Energy Hub, Distributed Energy Resources, Demand Response, and Demand Dispatch
Distribution Level Energy Market
Dr. Shahbakhti joined MTU in August of 2012. Prior to this appointment, he was a post-doctoral scholar for two years in the Mechanical Engineering Department at the University of California, Berkeley. He worked in the automotive industry for 3.5 years on R&D of powertrain management systems for gasoline and natural gas vehicles. Some of his past academic and industrial research experience includes system identification, physical modeling and control of dynamic systems, analysis of combustion engines, utilization of alternative/renewable fuels, vehicular emissions, and hybrid electric vehicles. Shahbakhti is an active member of ASME Dynamic Systems & Control Division (DSCD), serving as the trust area leader and executive member of the Energy Systems (ES) committee and as a member of the Automotive Transportation Systems (ATS) technical committee, chairing and co-organizing sessions in the areas of modeling, fault diagnosis, and control of advanced fuel and combustion systems.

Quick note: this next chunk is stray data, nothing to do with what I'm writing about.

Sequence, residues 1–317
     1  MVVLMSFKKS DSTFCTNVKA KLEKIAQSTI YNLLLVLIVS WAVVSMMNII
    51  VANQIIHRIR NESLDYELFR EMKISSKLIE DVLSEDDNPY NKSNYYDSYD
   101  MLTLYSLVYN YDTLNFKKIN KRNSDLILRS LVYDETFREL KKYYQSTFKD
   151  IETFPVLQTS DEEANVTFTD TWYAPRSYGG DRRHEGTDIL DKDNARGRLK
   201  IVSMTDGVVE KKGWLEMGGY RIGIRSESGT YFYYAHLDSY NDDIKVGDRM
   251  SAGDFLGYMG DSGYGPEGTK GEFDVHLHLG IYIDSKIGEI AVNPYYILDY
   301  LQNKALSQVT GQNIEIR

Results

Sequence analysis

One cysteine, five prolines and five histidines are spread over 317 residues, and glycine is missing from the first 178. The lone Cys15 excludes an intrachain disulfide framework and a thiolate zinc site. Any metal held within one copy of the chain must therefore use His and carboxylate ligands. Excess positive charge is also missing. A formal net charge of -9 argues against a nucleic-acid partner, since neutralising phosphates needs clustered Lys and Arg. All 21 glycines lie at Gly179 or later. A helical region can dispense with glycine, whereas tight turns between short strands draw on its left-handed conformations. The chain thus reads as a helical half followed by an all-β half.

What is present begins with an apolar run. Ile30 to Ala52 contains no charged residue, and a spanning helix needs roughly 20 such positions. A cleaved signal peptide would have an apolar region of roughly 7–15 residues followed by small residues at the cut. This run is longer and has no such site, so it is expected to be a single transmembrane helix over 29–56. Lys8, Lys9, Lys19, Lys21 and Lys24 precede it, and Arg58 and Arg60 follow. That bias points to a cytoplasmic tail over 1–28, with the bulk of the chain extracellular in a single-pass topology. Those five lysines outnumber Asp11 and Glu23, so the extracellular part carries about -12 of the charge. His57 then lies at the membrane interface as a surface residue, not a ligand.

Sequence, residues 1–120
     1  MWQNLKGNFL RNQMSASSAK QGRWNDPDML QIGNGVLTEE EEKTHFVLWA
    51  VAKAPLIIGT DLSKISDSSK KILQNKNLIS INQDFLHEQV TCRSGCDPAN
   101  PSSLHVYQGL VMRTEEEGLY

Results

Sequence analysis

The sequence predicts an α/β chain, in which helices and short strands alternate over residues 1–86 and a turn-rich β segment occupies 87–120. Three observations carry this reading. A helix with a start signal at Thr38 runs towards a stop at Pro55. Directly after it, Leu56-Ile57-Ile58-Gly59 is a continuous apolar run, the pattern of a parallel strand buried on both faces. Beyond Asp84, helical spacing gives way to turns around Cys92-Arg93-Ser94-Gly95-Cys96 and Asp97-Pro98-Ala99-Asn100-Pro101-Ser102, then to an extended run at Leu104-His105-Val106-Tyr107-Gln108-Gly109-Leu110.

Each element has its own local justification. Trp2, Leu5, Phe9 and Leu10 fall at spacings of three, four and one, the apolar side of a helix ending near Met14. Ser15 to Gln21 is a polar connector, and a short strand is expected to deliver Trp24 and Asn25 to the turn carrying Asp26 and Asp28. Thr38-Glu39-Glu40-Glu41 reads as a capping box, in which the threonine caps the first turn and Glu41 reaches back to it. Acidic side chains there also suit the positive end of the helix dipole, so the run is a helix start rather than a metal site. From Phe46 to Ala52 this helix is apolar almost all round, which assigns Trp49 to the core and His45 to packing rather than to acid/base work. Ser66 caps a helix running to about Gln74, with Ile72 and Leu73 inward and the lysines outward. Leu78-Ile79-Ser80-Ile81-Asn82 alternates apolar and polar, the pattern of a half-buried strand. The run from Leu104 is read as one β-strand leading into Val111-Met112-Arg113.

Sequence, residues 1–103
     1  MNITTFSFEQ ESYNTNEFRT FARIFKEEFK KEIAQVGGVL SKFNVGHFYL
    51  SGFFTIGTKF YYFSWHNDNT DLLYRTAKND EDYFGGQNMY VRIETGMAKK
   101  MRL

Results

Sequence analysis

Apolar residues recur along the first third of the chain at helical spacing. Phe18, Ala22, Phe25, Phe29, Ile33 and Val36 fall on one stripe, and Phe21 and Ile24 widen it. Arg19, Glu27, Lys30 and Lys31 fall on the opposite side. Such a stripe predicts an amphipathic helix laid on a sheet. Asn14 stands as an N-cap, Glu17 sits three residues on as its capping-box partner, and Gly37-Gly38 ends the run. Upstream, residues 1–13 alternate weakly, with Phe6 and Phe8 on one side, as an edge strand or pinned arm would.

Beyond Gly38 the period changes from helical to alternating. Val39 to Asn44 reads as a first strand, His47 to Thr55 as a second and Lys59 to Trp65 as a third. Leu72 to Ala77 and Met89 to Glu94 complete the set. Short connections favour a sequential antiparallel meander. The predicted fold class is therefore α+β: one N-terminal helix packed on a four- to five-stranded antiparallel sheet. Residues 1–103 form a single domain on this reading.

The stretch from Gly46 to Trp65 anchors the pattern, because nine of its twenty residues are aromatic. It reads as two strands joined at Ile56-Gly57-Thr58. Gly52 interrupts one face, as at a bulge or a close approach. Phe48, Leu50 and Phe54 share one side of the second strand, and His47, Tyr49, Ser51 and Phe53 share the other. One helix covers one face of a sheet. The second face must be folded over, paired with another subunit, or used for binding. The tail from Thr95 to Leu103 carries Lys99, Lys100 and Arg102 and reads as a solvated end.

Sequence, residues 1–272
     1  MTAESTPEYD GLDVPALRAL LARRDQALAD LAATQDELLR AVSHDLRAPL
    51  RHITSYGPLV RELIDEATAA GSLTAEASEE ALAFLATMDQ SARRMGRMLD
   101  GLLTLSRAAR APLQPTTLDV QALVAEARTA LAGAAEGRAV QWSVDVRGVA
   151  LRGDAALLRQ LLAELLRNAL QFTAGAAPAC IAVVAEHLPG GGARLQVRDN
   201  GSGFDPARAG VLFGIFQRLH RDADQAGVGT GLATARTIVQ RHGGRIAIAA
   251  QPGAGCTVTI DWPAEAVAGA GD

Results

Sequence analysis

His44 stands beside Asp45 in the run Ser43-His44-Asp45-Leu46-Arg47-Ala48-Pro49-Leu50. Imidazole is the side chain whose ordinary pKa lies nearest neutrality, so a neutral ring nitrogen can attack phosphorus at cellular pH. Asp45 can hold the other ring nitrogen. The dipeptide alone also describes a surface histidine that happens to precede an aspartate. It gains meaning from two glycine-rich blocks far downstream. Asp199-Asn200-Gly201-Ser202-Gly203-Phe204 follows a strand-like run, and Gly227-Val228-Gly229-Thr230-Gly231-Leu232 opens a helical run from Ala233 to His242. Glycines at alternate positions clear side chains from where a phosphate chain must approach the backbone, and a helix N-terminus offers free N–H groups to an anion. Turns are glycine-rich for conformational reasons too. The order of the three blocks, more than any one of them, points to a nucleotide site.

His research focuses on increasing efficiency of energy systems through utilization of advanced control techniques. His current research involves the transportation and building sectors which account for 68% of total consumed energy in the United States. Dr. Shahbakhti’s research to optimize efficiency of energy systems centers on developing and incorporating the following research areas: thermo-kinetic physical modeling, model order reduction, grey-box modeling, adaptive parameter estimation, model-based and nonlinear control.
From a controls point of view, energy storage systems are the “actuators” in the electrical power grid that enable the mitigation of the transient inputs of power supplies as well as uncontrolled loads. A goal is to optimize the location and amount of energy storage capacity needed to meet microgrid performance and stability constraints. This energy storage capacity can take on many forms from batteries to fly wheels to pumped hydro. Research is focused on integrated energy storage systems that utilize unconventional resources as much as possible. For example, buildings and parking lots full of PHEV’s and EV’s are good targets of opportunity when combined with PV on covered parking structures or distribution-scale PV systems.